Logo link to homepage

Report on Popocatepetl (Mexico) — 27 August-2 September 2003

Smithsonian / US Geological Survey Weekly Volcanic Activity Report, 27 August-2 September 2003
Managing Editor: Gari Mayberry

Please cite this report as:

Global Volcanism Program, 2003. Report on Popocatepetl (Mexico). In: Mayberry, G (ed.), Weekly Volcanic Activity Report, 27 August-2 September 2003. Smithsonian Institution and US Geological Survey.

Volcano Profile |  Weekly Report (27 August-2 September 2003)


Popocatepetl

Mexico

19.023°N, 98.622°W; summit elev. 5393 m

All times are local (unless otherwise noted)


Aerial photography taken on 25 August revealed no external lava dome in Popocatépetl crater. On 28 August the number of low-level emissions increased in comparison to previous days. On 29 August at 1330 a low-density ash emission rose to ~1.5 km above the crater and drifted W. There were no reports of ash fall in villages near the volcano. This event was accompanied by episodes of high-frequency and low-amplitude tremor. By 1 September the number of emissions returned to levels recorded prior to the increase.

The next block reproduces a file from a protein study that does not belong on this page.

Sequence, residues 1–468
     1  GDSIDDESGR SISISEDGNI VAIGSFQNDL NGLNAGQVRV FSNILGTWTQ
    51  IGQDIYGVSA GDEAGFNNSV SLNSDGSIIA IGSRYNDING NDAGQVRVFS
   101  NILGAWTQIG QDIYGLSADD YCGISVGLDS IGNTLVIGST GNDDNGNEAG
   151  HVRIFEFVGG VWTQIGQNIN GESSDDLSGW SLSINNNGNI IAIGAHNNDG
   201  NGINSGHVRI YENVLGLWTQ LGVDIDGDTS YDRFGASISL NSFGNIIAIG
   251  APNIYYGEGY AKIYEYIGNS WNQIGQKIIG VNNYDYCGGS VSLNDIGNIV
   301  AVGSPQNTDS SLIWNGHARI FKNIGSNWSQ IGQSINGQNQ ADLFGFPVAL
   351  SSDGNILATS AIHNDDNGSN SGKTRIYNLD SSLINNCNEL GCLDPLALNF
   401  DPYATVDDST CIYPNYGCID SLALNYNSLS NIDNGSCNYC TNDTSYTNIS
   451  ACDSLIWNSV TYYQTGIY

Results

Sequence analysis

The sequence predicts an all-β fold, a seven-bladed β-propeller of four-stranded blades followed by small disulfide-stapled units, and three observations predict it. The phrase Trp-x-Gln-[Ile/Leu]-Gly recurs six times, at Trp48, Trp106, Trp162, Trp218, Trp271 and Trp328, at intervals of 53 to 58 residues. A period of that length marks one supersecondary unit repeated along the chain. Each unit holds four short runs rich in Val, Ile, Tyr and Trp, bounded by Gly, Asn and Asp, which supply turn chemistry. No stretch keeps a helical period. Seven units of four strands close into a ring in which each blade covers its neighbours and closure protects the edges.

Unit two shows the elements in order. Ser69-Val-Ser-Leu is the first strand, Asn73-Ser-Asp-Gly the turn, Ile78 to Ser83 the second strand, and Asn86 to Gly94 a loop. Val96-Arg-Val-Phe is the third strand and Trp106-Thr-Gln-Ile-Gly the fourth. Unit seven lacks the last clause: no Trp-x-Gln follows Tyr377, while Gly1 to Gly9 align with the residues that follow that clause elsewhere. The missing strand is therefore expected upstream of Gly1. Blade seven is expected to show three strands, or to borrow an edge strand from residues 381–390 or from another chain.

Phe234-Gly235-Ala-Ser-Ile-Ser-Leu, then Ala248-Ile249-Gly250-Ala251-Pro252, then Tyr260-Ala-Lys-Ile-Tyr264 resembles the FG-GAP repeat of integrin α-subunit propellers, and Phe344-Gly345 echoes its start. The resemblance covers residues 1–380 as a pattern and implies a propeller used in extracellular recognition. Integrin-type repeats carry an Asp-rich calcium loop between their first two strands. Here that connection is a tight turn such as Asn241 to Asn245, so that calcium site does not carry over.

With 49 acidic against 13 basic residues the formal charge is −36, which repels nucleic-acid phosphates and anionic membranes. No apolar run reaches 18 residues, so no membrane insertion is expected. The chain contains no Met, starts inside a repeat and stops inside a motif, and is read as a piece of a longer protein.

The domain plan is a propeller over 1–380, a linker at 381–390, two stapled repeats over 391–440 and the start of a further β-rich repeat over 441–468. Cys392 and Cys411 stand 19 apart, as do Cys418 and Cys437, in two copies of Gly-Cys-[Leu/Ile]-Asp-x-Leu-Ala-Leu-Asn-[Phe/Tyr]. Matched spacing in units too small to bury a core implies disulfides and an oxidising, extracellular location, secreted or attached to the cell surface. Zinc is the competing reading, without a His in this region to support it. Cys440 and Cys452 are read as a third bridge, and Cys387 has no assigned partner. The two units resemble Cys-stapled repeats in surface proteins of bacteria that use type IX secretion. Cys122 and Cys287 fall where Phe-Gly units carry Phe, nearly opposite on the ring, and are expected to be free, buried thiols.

Geologic Background. Volcán Popocatépetl, whose name is the Aztec word for smoking mountain, rises 70 km SE of Mexico City to form North America's 2nd-highest volcano. The glacier-clad stratovolcano contains a steep-walled, 400 x 600 m wide crater. The generally symmetrical volcano is modified by the sharp-peaked Ventorrillo on the NW, a remnant of an earlier volcano. At least three previous major cones were destroyed by gravitational failure during the Pleistocene, producing massive debris-avalanche deposits covering broad areas to the south. The modern volcano was constructed south of the late-Pleistocene to Holocene El Fraile cone. Three major Plinian eruptions, the most recent of which took place about 800 CE, have occurred since the mid-Holocene, accompanied by pyroclastic flows and voluminous lahars that swept basins below the volcano. Frequent historical eruptions, first recorded in Aztec codices, have occurred since Pre-Columbian time.

Source: Centro Nacional de Prevencion de Desastres (CENAPRED)